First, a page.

On a Mission to Translate Belief Into Reality
Wednesday, February 6, 2008
CHICAGO, Feb. 5 -- The crowds boggle the mind, and the fervor verges on the religious: "We believe!" the 17,000 people jamming Hartford's civic center started chanting Monday. There were 13,000 in Boise, lining up in the cold at daybreak in a state where only 5,000 voted in the Democratic caucuses four years ago. And 20,000 converging on a downtown square in Wilmington, Del., on Super Bowl Sunday, like nothing that small city had seen in years.
There is, without doubt, a nationwide wave building behind Sen. Barack Obama, one given new life by his win in South Carolina 10 days ago, his forceful victory speech and the Kennedy family endorsements that followed, and his campaign's record-shattering fundraising last month. But the Super Tuesday primaries offered a reminder of the distance Obama must yet travel and the time he needs -- but might not have -- to translate the euphoria of packed basketball arenas into hard numbers at the voting booth.
Obama fared better in the 22-state crush than appeared possible a couple weeks ago, when he was coming off two straight losses in Nevada and New Hampshire and facing the prospect of having to compete in a slew of states against a better-known candidate with widespread establishment backing.
The Illinois senator won his home state, as well as Georgia, Alabama, Delaware, Minnesota, Connecticut, Kansas, North Dakota, Colorado, Alaska, Missouri, Utah and Idaho.
Yet he fell well short of the clear win that some of his supporters could not help but fantasize about as he shot up in the polls in the past week. He lost in New Jersey and Massachusetts after appearing to threaten upsets in the two states, where Clinton maintained solid leads until recently.
The campaign seems aware of the challenge facing it. No longer does it allow itself to be lulled into complacency by the sight of big crowds, as it might have been in the closing days before the New Hampshire primary.
Trying to limit expectations in recent days, campaign officials and Obama himself said they were encouraged by the enthusiasm they were finding on the trail. But they also acknowledged that millions of other voters either had no interest in Obama or would not be able to see him, given the constraints of the compressed schedule of 22 states to cover in 10 days.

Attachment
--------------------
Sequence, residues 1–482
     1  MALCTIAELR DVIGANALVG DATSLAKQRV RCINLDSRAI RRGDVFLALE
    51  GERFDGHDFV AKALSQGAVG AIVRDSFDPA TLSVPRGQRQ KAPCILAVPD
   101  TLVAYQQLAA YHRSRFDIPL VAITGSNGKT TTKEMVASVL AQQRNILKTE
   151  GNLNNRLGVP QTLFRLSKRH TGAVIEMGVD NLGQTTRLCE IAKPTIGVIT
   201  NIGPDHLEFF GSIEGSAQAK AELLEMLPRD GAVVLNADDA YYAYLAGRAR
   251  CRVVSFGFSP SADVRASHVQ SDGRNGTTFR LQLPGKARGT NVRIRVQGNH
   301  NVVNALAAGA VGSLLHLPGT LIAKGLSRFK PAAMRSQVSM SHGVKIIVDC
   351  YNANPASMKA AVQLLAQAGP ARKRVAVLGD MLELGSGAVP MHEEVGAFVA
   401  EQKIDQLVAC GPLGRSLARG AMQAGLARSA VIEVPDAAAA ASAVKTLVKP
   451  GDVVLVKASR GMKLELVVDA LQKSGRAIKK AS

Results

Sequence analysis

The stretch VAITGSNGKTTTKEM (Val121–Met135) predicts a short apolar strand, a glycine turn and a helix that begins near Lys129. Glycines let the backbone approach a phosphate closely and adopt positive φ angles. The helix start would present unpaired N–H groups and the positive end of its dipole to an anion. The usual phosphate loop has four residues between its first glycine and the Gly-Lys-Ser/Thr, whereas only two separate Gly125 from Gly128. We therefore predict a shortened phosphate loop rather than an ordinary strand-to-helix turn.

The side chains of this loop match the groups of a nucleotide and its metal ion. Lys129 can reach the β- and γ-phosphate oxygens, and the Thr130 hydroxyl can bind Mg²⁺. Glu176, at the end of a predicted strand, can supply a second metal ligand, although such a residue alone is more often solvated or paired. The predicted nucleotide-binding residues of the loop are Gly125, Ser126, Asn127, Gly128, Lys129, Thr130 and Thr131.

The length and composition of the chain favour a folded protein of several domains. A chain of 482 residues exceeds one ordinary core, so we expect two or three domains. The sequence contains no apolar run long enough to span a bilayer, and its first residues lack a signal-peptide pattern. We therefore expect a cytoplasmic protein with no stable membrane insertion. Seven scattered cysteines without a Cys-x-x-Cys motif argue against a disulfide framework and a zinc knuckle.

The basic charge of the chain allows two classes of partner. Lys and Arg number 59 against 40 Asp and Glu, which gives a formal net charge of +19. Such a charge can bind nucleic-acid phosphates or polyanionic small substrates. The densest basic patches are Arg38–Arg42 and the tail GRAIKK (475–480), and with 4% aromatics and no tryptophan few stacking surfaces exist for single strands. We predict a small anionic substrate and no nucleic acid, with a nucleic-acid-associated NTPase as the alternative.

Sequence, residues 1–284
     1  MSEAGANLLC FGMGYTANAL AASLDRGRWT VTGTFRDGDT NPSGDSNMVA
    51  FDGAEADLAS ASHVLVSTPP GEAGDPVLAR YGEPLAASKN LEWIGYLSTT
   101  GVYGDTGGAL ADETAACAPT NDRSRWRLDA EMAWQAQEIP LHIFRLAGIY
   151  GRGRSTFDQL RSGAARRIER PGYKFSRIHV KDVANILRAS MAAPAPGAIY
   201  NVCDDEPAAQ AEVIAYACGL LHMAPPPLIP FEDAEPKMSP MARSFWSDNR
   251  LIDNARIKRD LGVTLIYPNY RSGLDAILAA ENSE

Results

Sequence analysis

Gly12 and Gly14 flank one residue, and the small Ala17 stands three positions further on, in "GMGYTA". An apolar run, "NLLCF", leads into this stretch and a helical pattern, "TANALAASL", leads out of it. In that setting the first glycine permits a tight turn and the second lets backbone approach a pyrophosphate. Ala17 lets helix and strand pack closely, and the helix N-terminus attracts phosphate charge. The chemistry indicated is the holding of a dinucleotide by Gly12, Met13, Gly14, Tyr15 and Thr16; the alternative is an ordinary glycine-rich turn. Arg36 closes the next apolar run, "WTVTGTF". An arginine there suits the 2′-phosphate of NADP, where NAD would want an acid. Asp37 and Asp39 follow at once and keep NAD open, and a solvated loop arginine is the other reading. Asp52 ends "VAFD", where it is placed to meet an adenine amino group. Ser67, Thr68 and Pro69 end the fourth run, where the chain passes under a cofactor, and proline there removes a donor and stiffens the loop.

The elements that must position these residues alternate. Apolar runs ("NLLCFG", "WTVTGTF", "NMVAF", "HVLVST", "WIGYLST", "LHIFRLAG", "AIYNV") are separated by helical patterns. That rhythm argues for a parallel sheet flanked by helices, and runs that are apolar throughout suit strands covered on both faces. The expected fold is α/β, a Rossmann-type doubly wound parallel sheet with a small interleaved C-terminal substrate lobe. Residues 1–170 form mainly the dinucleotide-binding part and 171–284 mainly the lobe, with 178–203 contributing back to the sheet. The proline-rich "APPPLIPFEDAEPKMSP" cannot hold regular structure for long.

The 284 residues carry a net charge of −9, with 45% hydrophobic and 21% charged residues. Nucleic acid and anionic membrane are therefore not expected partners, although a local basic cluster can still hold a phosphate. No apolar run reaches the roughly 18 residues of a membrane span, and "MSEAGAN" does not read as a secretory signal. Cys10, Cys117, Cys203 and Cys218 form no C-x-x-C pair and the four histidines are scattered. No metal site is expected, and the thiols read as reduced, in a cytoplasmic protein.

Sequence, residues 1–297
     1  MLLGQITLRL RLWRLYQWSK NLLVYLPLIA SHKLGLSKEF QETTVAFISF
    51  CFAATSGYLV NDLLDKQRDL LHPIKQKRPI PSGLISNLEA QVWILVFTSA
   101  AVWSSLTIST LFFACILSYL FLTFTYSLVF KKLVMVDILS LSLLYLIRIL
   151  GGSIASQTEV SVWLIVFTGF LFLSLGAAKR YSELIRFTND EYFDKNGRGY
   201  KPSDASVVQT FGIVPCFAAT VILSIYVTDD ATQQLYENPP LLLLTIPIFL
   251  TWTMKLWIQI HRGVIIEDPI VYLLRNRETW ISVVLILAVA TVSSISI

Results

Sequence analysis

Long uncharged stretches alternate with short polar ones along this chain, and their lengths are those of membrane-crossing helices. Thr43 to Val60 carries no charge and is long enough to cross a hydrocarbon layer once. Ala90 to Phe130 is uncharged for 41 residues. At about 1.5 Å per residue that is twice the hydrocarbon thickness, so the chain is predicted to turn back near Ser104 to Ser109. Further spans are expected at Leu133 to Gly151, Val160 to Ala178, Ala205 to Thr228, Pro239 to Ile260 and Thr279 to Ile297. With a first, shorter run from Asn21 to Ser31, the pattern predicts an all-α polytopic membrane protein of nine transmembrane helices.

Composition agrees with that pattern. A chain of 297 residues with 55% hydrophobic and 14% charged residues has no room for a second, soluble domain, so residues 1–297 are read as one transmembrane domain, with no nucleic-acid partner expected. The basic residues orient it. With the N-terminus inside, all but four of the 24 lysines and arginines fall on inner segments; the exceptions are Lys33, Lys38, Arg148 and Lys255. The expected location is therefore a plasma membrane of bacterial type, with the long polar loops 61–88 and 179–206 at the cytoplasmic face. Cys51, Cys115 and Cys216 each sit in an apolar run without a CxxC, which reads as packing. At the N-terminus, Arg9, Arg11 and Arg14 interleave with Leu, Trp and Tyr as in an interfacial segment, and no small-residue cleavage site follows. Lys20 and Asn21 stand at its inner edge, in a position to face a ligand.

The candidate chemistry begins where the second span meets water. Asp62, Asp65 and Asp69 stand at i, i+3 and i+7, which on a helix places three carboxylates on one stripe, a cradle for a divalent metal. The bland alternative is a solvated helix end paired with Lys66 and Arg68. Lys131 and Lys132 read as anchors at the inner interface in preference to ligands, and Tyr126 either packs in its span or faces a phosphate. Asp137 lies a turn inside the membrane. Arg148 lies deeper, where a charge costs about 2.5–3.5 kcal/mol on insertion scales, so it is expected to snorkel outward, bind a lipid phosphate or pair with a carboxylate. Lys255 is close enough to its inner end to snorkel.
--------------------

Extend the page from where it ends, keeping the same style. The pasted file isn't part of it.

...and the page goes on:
Obama directly acknowledged the need to broaden the campaign's reach in his speech to supporters here tonight, addressing "all those Americans who have yet to join this movement and yet still hunger for change.
"They know in their gut that we can do better than we're doing," he said. But "they are afraid, they've been taught to be cynical. They're doubtful it can be done. I'm here to say tonight to all those who harbor those doubts: We need you. We need you to help us through."
The campaign is betting on closing the gap further in the next week, when there are six primaries or caucuses, in places where Obama is fairly well-positioned: Maine, Louisiana, Washington state, Virginia, Maryland and the District. And the campaign says it will have the time to do the more intense kind of campaigning it prefers in big states that do not vote until next month, such as Ohio and Texas.
"This was always going to be a fairly daunting day for us," said Obama campaign manager David Plouffe. "We are looking forward to moving beyond it, because we get to go to states in smaller bite sizes, where we can actually get in there and campaign and have the focus be a little more intensive."
Still, for all the campaign's caveats, there is a hard-to-explain disconnect between the muddled results and the near-delirious enthusiasm at Obama's recent rallies, which far exceeds anything at Clinton's smaller, more sedate events.